Sen. Tim Scott: There Is a Lingering Effect After Centuries of Racism and Discrimination in This Nation

By Melanie Arter | May 3, 2021 | 11:08am EDT
 Senator Tim Scott (R-SC) departs after the second day of former US President Donald Trump's impeachment trial before the Senate on Capitol Hill February 10, 2021, in Washington, DC. (Photo by JOSHUA ROBERTS/POOL/AFP via Getty Images)
Senator Tim Scott (R-SC) departs after the second day of former US President Donald Trump's impeachment trial before the Senate on Capitol Hill February 10, 2021, in Washington, DC. (Photo by JOSHUA ROBERTS/POOL/AFP via Getty Images)

( – Sen. Tim Scott (R-S.C.) told CBS’s “Face the Nation” on Sunday that he’s glad to see President Joe Biden, Vice President Kamala Harris, and Rep. Jim Clyburn (D-S.C.) agree with him that America is not a racist country, but the senator says there is “a lingering effect” after centuries of racism and discrimination in the country.

Host John Dickerson asked Scott to reconcile his statement that America is not a racist country with his assertion that “to suggest there aren’t racial challenges and patterns is for someone to be blind.”

“So help people understand when you say it's not a racist country, but then you do talk about a system that targets Black Americans. You've talked about it today, help people square those two statements,” Dickerson said.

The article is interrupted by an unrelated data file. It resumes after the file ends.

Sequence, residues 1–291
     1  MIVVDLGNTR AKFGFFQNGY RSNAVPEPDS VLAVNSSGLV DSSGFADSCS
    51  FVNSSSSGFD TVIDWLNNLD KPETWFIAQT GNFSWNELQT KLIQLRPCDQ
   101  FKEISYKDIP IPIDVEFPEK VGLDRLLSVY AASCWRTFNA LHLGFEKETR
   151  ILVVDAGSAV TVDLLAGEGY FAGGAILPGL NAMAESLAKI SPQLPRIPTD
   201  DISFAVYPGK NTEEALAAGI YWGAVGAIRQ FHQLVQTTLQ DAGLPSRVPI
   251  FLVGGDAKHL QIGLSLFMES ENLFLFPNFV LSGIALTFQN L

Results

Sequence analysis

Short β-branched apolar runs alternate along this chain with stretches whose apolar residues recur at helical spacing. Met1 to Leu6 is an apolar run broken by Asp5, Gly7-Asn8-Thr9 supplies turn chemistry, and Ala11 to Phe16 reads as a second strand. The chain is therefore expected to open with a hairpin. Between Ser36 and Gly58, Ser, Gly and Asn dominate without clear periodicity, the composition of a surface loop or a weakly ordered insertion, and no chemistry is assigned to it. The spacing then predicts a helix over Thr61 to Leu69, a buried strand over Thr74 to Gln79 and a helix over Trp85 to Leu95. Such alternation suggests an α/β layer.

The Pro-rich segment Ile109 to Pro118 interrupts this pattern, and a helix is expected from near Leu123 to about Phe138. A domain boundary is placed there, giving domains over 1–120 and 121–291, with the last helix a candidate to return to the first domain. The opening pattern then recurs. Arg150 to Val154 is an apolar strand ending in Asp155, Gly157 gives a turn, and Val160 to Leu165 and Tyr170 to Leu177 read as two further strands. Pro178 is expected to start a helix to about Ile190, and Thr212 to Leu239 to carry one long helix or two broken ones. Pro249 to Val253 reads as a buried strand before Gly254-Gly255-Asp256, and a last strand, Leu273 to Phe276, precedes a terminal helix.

“Sure. Actually well, first, let me say thank goodness that finally our president, our vice president and one of the leaders in the Democrat caucus in the House, Jim Clyburn, have all come forward and said exactly what I've been saying for a long time. America is not a racist country,” Scott said.

“The question is, is there a lingering effect after a couple of centuries of racism and discrimination in this nation? The answer is absolutely. The question we should be debating and fighting over is how do we resolve those issues going forward. One side says I'm going to take from some to give to others. Fighting bigotry with bigotry is hypocrisy. It just doesn't work,” the senator said.

“The second-- our side, what I've suggested is let's expand opportunity and make sure that we are fully equipped for the challenges of the future. One of the reasons why we have fought for and won the highest level of funding for historically black colleges, Republicans leading that fight is because I understand that if I can level the playing field in education, we will actually see human flourishing like we've never seen before,” he said.